If you’ve been following the SPAC boom, you may have noticed something about these blank-check vehicles that are springing up left and right in order to take public privately held companies. They are being organized mostly by men.
It’s not surprising, given the relative dearth of women in senior financial positions in banking and the venture industry. But it also begs the question of whether women, already hustling to overcome a wealth gap, could be left behind if the trend gains momentum.
Consider that studies have shown women investors are are twice as likely to invest in startups with at least one female founder, and more than three times as likely to invest in startups with female CEOs. It’s not a huge leap to imagine that women-led SPACs might also be more inclined to identify women-led companies with which to merge and take public.
SPAC sponsors can reap handsome rewards, too. In return for lining up investors, then persuading a target company to accept the terms it offers them, sponsors typically receive 25% of the SPACs founder shares, which can mean a lot of money in a short amount of time, given that SPACs typically aim to merge with a company in two years or less. In fact, even if the SPAC performs terribly — say the company with which it merges is later accused of fraud — those sponsors get paid.
Eventbrite cofounder Kevin Hartz, who is overseeing a $200 million SPAC, explained it to us in August this way: “On a $200 million SPAC, there’s a $50 million ‘promote’ that is earned.” But “if that company doesn’t perform and, say, drops in half over a year or 18-month period, then the shares are still worth $25 million. (Hartz himself called this guaranteed payout “egregious,” though he and his partner in the SPAC, Troy Steckenrider, didn’t structure their SPAC any differently, saying that as a first-time SPAC sponsor, they wanted to make sure that the investment community understood their offering.)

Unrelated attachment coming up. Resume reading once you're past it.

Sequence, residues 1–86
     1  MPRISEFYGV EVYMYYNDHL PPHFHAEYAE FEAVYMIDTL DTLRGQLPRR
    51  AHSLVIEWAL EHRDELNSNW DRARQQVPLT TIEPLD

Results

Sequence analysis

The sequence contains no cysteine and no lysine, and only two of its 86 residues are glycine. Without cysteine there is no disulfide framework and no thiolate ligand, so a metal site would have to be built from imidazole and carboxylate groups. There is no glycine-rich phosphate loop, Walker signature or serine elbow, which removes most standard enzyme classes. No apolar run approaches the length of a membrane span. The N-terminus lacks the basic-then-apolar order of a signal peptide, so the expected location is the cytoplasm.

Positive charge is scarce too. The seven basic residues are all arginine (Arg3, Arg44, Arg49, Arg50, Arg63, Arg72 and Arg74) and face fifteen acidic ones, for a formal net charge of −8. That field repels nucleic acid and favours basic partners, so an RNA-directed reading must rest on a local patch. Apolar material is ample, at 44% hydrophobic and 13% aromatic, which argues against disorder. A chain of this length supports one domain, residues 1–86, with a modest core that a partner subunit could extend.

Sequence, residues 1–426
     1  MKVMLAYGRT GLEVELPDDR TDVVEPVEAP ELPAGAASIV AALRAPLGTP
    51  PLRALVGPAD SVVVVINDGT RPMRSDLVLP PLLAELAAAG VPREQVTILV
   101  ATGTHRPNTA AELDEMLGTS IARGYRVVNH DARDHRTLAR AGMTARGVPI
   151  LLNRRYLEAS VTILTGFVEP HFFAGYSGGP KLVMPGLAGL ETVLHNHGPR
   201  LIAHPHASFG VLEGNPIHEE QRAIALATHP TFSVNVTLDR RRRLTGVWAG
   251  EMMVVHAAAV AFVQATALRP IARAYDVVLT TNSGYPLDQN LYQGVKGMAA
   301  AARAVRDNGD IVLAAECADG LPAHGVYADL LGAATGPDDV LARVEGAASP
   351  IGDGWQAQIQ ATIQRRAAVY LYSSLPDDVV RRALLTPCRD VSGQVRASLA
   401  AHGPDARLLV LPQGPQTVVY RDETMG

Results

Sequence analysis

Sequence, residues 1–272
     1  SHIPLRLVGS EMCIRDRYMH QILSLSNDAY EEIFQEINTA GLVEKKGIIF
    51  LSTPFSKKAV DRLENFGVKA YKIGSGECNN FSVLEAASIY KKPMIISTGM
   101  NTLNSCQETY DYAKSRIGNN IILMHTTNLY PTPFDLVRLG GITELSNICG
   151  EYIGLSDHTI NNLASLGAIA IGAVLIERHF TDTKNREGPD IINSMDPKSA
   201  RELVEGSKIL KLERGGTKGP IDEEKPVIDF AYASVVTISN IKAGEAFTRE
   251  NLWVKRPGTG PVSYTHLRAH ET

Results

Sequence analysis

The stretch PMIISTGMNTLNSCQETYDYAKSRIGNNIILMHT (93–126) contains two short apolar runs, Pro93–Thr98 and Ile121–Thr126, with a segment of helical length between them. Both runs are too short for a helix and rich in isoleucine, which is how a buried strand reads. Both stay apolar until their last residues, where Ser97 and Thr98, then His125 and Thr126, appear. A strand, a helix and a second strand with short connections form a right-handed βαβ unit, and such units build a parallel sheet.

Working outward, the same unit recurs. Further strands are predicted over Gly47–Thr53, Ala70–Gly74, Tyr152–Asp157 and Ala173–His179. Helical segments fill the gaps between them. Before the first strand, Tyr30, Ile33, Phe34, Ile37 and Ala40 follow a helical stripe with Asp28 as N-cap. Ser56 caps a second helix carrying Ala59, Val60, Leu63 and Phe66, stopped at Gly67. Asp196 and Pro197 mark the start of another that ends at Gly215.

Women aren’t entirely unaccounted for in the current SPAC craze.
Thanks to a state law passed in California in 2018 that mandates that all publicly traded companies with headquarters in the state include at least one woman on their boards of directors, nearly all SPACs based in California have a female director, as reported earlier by Axios.
In the last week, too, at least three SPACs to register with the SEC have been launched exclusively or in part by sponsors who are women. Hope Taiz, a New York-based investor who began her investment banking career first as a M&A analyst and then as an associate at Drexel Burnham Lambert, registered plans this week with the SEC to raise a $300 million blank-check company called Aequi Acquisition.
Northern Star Acquisition, a consumer-focused SPAC led by magazine vet Joanna Coles and New York Islanders co-owner Jonathan Ledecky, meanwhile filed for a $300 million IPO last week, and Climate Change Crisis Real Impact I Acquisition, a SPAC focused on climate technology, raised $200 million in an IPO . The blank check company is led by Mary Powell, the former CEO of Green Mountain Power, and David Crane, a former CEO of the competitive energy supplier NRG Energy.